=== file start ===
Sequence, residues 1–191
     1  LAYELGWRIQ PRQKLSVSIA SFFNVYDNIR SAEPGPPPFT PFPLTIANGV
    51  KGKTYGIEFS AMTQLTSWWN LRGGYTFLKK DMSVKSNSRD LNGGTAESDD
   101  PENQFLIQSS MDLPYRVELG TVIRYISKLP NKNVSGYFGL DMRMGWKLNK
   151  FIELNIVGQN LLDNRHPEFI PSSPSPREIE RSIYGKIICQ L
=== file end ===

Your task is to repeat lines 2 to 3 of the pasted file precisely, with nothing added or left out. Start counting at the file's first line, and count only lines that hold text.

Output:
     1  LAYELGWRIQ PRQKLSVSIA SFFNVYDNIR SAEPGPPPFT PFPLTIANGV
    51  KGKTYGIEFS AMTQLTSWWN LRGGYTFLKK DMSVKSNSRD LNGGTAESDD